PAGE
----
Thursday, March 29, 2007

Economic Warfare: Iranian Economic Crisis and the British Sailors

We're not going to attack Iran unless they actually put on trial or kill any Brit. Then, all bets are off.

In the mean time, I haven't had time to post on it previously, but Iran is about to implode Soviet Style. I'm not going to suggest a date, but the writing is on the wall if you know where to look and are looking at something other than British Tars and jollies, Iran's "sovereign waters" or their Nuclear ambitions.

Long before the current sanctions, the US was already pressuring banks and other financial insitutions to limit transactions with Iran starting back in Sept. 2006. Largely because Iran was acting like any rogue regime and not being forthcoming about where the money was going. Iran was also trying to cover its tracks, keeping the Iranian name off of many transactions.

In a Washington Post article from March 25, the details of this program were laid out, including comments from the Iranian Oil Minister about how damaging its been to their oil infrastructure (already old and decrepit) as well as the Minister of Trade discussing the difficulties importers are having in getting goods in to sell (Iran having all sorts of problems that require net importing of basic goods) because they now have to pay in advance to obtain these goods instead of relying on revolving lines of credit.

The recent UN sanctions simply formalize what the US has been trying to get done on an Ad Hoc basis.

The other signs are there, too. March 22 report from lebanon indicates that Hezbollahs South Lebanese constituents are unhappy because Hezbollah has yet to begin providing promised compensation for damage or building much needed infrastructure. Of course, the two week fight with Israel didn't help Hezbollah's wallet, but they usually have money coming in from their major terror supporter, Iran. No such thing is occuring right now.

The second, and most obvious, is the Iran/Russia dispute over the lack of payment for the monthly construction fee on the Bushehr nuclear facility. The Russians are saying it's one month, the Iranians said they were not behind, but suddenly were able to scrape together a half month's payment? The Russians pulled out all their people and said they'd be back when they got "all" the money.

The third tell are the recent, continuous teacher protests for almost two months, every week. The Iranian teachers union has been protesting the lack of payment of their salaries, the low salaries (compared to the rest of the government) and the generally bad facilities.

What really killed them was the precipitous drop in oil prices (from $72 to $58) last November right after many banks stopped giving them "credit". This was because short term, high risk oil future traders divested themselves of a lot of future shares. Winter weather projections did not sustain the need for high reserves (and, since they were all American traders, may have had a whisper in their ear).

Even though oil has risen back to $62/bbl, the entire loss to Iran is about $13 billion and counting. Not much to us, but for Iran, that's 10% of their entire yearly revenue of 143 billion. When their yearly "official" budget is $168 billion (2005), not including extraneous support to Hezbollah, Iraq Shiites and other terrorists, and annual revenue is 143 billion, they are about 25 billion short on a good year (previous years may have been more or less underfunded).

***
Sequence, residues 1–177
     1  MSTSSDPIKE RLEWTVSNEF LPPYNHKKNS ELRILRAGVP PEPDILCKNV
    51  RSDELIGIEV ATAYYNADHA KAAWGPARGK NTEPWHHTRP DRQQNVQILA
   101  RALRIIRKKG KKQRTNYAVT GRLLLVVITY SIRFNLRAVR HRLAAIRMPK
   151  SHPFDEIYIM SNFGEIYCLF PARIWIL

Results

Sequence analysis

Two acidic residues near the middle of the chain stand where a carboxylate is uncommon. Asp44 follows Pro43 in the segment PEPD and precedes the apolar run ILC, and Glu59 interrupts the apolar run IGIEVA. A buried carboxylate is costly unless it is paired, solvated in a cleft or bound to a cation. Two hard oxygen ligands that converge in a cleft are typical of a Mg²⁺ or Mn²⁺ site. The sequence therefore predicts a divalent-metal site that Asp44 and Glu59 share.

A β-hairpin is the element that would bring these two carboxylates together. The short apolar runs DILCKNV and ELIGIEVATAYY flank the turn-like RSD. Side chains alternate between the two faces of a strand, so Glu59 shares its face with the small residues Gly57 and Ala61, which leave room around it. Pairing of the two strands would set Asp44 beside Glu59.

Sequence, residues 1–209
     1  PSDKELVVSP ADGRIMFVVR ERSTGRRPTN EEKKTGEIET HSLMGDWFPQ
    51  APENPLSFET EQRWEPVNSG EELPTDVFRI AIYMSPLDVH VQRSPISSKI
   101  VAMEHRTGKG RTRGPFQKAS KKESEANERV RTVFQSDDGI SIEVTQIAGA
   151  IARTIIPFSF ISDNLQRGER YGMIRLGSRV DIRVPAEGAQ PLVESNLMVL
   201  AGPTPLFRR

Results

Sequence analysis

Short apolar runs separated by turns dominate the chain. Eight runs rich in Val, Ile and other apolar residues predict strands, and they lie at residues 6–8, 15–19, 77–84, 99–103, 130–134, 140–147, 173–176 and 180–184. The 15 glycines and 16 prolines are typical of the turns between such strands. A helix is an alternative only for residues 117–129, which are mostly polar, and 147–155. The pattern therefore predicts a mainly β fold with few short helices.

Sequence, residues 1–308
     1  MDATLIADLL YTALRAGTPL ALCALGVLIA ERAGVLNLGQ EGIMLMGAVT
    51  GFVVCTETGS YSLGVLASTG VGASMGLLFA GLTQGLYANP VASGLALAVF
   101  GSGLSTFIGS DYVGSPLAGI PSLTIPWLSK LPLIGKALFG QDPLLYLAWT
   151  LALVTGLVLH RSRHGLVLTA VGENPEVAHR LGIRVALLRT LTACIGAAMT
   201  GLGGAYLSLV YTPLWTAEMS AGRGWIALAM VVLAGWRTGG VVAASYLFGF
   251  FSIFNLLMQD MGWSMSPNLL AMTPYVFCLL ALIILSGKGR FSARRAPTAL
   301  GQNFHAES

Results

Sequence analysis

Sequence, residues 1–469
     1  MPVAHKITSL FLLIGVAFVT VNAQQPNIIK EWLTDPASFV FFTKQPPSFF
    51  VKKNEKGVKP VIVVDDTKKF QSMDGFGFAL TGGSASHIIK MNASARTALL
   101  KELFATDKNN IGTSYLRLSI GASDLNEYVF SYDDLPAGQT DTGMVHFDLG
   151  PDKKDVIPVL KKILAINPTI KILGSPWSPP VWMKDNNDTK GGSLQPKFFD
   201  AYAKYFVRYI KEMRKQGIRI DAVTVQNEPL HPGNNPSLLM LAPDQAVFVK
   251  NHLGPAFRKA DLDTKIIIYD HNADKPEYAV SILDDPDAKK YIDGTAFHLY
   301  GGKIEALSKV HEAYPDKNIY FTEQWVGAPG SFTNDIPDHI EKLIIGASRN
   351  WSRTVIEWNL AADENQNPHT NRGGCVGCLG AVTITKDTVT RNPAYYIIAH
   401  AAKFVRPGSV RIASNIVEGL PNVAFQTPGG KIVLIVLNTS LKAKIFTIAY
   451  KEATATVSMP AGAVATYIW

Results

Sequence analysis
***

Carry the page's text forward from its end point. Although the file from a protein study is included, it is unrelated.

Since Iran is based on an Islamic economic structure, where they can neither invest in interest baring bank products, nor except loans with interest attached, getting the difference to make up this shortage leaves little choices. In an Islamic economy, they get around this somewhat by paying or accepting "management" fees or "rent" on loans.

At least half of the reason for the original Islamic Revolution in Iran was based on economic reforms making it more "Islamic" and thus more "equal and just". During the time of the Shah, there were extreme differences between the highest and lowest classes and with the strain from the Shah's forced "westernization and industrialization", it simply exacerbated the situation as the poor congregated it even greater communities in the cities seeking low paying manufacturing or oil industry jobs.

Like most "revolutions", it is not solely (or ever) about ideology so much as it is about finance. Thus, the Iranian Mullahs are adamant about complying with the Islamic model. If they don't, the entire cornerstone of the revolution ceases to exist and so do they.

In that case, the only way for the Iranians to meet their obligations as well as maintain their Islamic financial system is to take advances on their oil revenue from the oil companies. Some experts believe that Iran has already taken up to 10 years of revenue in advance.

Oil production has plateaued and may begin falling due to the inability or lack of desire in investing in this infrastructure. Previously complicated by US laws that penalized companies for investing more than 20mil in Iranian business, fortified with US actions in September and new sanctions on March 24, the ability to maintain Iran's oil economy is becoming impossible. Iran now produces 3.5 mil/day. At the height of the Shah's reign, it produced over 6.6 mil/bbl/day Even with a slow increase the price of oil, Iran will be hard pressed to recover because 50% of its revenues are directly related to oil and natural gas and 70% comes from exports.

If you can't pump out enough, if sanctions keep investments from coming in, if you have to pay for things "in advance", if you continue to take advances on future oil revenues that you probably cannot afford to pay back and your economic system prevents you from making investments or making loans that could cover your expenditures, you are in bad financial shape.